The last thing I had on my mind yesterday, as I went to the mall to help sell tickets for a fund raising initiative for the local CCB (Canadian Council for the Blind), was that I would find myself donning  my ‘Accessibility’ advocacy hat (the one that puts my mouth in gear and finds me writing, phoning… and blogging).  The Halifax Shopping Centre is managed by a group called Vic 20 retail. The head of this little empire, Blaize Morrison  is the elusive fella who I have left messages for in the past, but never spoken to directly.  I have tried unsuccessfully to reach him to complain about the mall renovations which lasted eight months and created great hardship for people with disabilities.  Opal and I  entered the mall at 8:45 and the place was very quiet, as stores do not open until 9:30.  My plan was to get a snack in the upper level food court and then go to the community booth to help my friend set up.  Opal’s feet were caked with salt, so that necessitated a trip to the washroom before going up to buy my snack.  We were  just 7 meters inside the mall, when she stopped. Hmm, I wondered.  I slid my foot forward and encountered some sort of obstacle.  It was a fixed beam-like thing, almost two inches high and six inches wide. I slid my foot between the floor and this obstacle, and found that it ran quite a width.  I praised Opal for finding it and asked her “forward”, and we gracefully stepped over it and moved on down the hall in search of the washroom.  Eventually, we navigated up to the food court.  These places aren’t my idea of dining options, but I had a Tim’s card in my pocket, with a credit balance that would pay for a bagel and a cup of tea. Opal dazzled all the sleepyheads at Tim Horton’s with her clever ability to “find the queue” and “counter”… Snack items in hand, we swung around and headed for the area of the elevator. When we reached the end of the food court area, a woman said, “Watch out for that thing on the floor, dear”.   I thanked her even though I know Opal would find it.  She did and we safely wandered off.   By the time we found the lift, I was thinking about these obstacles, and that a trip to customer service might be in order. We greeted Alice who had set up the display in the ‘community box’. Opal lay dutifully, hopefully attracting some ticket sales with her stunning looks (or so Alice hoped).  Along came Mary. She was being guided by a stranger that had been drafted into assistance near the entrance of the mall.   Mary said that  she was lucky her white cane found this “big board” on the floor.  That was it. I  went to customer service and asked why there are dangerous obstacles on the floor, on this busy Easter Saturday?  I was told that it probably has something to do with “Easter events…wires or something… just temporary”.  I asked  to speak to a management person.  I was told that there no management employees worked on weekends. I told the customer service woman that the mall is liable for injuries to shoppers. I ranted a bit about accessibility, barriers, public safety, lack of consideration for people who are blind or partially sighted… I heard her snap her gum and offer a kid a paper bunny hat.  Once back in the booth,  I learned that Susan had arrived. She told me that she “just tripped over this obstacle and hurt my knee and hand. The security guard was nice and all that, but what are those dangerous things doing there?”.  I hauled Susan back to customer service with me. Opal sighs. I hear her thinking, ‘mum is on another mission’.  We lodged a complaint, and demanded that sufficient security be posted to warn people (even though it will be too crowded to effectively warn everyone with all the frenzy and the Easter shoppers).  The security guard was summoned.  I gave him the accessibility schpeel.  He called the manager of security.  Lovely B.J. arrived and informed me that there are six locations in the mall with these strips covering a floor joint renovation project.  She was obviously feeling a bit embarrassed about this whole mess.  I ran with it:  pointing out the issue of public safety. I  told her that while the mall may find it economically advantageous to start this work in six areas, they have a responsibility to maintain accessibility standards.  Doing construction projects in one secure area at a time, would have been preferable. Now that it is Easter Saturday, and there is no management staff, and the crowds are streaming in, I suggested to her that it will be a miracle if no one is seriously injured by day’s end.  She agreed that even sighted people would be in danger, as most would not notice the obstacles despite markings with yellow tape.   I also pointed out liability to the public, and that I had advised my friend to see her physician on Monday. I told her, that as president of the Halifax chapter of the Alliance for Equality of Blind Canadians, one of my roles is to address issues of accessibility.  I remarked how inconvenient it had been for people in wheelchairs, seniors, people with strollers,  and guide dog handlers, when the lower floor washrooms were closed for six months due to renovation delays and everyone was forced to travel to the upper level.  “Yes, but look how accessible the new ones are” she said.  I laughed at B. J.’s remark.  I explain that while they (the mall designers and management) may have run around measuring and meeting wheelchair standards and codes, they did not really have an interest in creating an ACCESSIBLE  environment.  Mary told her that by using one (off white) colour tile design from floor to ceiling in the long tube-like hall to the washrooms AND low incandescent spot lighting, they turned it into a partially sighted persons nightmare. They had not made any attempt to consider vital factors such as contrast, lighting, and texture.  I added that the automatic flushing toilets, auto-start one-temperature sinks, and auto dispense paper towel were a gimmick that no one needed and that money and effort should have been spent on designing an accessible space.  They used an open door concept, which makes it very hard to determine where the ‘men’s’ and ‘women’s’ begin and end.  The signage is not tactile, large print, or Braille.   I pointed out that there is no shortage of guidelines, checklists, design notes, accessibility resources and studies available to ‘professionals’ who design these public spaces.  B.J. and I exchanged contact information and she told me that she would be calling Mr. Morrison immediately.   Later, on my way out of the mall,  B.J. was at the obstacle with a team of security guards, trying to prevent sighted and able bodied people from tripping.  She yelled at me, “there’s an obstacle ahead…..and I’m on the phone to the construction company manager…”  I smiled as Opal stopped long enough to allow me to find the beam. We moved out and headed home.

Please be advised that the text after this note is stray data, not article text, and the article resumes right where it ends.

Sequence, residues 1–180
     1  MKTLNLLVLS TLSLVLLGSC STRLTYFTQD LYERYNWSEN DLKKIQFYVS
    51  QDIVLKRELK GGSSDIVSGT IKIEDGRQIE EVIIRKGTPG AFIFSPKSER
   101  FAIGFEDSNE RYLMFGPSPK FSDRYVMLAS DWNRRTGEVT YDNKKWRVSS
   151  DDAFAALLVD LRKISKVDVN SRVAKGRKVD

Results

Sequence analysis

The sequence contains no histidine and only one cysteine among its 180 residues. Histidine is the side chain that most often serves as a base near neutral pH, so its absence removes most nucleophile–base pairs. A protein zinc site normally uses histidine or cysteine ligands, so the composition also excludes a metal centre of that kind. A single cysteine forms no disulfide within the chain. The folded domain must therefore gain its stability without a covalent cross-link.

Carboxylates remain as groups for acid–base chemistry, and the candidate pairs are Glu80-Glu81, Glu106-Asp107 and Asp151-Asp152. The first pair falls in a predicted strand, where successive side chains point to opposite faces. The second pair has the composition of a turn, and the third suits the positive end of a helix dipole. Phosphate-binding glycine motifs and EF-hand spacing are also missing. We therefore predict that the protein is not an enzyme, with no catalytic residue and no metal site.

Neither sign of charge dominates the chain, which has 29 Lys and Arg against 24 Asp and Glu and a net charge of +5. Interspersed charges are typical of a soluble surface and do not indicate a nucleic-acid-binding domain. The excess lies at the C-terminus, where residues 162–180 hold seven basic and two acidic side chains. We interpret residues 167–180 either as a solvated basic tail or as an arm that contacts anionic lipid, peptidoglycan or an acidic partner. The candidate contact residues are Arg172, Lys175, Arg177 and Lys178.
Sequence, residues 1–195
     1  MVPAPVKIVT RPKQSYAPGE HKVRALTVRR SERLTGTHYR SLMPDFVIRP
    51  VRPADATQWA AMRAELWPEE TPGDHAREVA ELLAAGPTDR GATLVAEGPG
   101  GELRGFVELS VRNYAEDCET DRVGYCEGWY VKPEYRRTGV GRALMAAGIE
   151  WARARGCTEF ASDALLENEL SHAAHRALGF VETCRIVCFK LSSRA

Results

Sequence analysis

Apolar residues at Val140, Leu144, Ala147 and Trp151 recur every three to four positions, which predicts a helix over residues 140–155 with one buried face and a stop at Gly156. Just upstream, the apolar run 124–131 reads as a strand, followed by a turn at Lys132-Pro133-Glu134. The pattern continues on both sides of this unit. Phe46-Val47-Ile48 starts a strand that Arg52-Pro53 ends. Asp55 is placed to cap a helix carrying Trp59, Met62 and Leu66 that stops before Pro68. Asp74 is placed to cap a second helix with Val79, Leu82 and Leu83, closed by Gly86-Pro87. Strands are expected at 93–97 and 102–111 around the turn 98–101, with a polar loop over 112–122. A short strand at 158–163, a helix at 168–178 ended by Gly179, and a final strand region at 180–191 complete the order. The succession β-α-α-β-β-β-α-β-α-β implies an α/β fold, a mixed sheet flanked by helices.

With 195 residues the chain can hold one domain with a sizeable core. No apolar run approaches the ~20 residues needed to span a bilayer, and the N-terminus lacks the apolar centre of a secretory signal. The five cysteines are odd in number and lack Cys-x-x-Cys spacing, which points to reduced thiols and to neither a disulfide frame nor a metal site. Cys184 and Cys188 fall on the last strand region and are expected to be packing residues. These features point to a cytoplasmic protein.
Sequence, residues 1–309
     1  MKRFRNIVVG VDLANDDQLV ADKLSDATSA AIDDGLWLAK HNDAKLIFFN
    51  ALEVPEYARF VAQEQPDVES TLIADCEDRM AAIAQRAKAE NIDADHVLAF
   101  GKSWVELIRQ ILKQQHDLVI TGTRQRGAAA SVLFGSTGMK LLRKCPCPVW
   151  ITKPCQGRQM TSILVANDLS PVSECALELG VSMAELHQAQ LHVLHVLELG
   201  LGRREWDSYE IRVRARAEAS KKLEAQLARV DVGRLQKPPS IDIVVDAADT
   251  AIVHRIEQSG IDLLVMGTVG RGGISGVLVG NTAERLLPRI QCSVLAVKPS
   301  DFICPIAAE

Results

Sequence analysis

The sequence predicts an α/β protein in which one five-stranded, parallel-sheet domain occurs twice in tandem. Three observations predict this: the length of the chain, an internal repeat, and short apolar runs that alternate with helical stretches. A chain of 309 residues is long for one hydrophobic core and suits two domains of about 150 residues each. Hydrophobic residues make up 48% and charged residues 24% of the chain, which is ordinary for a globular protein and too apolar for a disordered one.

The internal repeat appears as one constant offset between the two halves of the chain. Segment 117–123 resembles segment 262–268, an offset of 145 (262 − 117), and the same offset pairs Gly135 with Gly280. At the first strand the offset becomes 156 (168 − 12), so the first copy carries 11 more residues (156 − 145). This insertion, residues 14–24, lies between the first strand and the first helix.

Leave a Reply

Fill in your details below or click an icon to log in: Logo

You are commenting using your account. Log Out /  Change )

Google+ photo

You are commenting using your Google+ account. Log Out /  Change )

Twitter picture

You are commenting using your Twitter account. Log Out /  Change )

Facebook photo

You are commenting using your Facebook account. Log Out /  Change )


Connecting to %s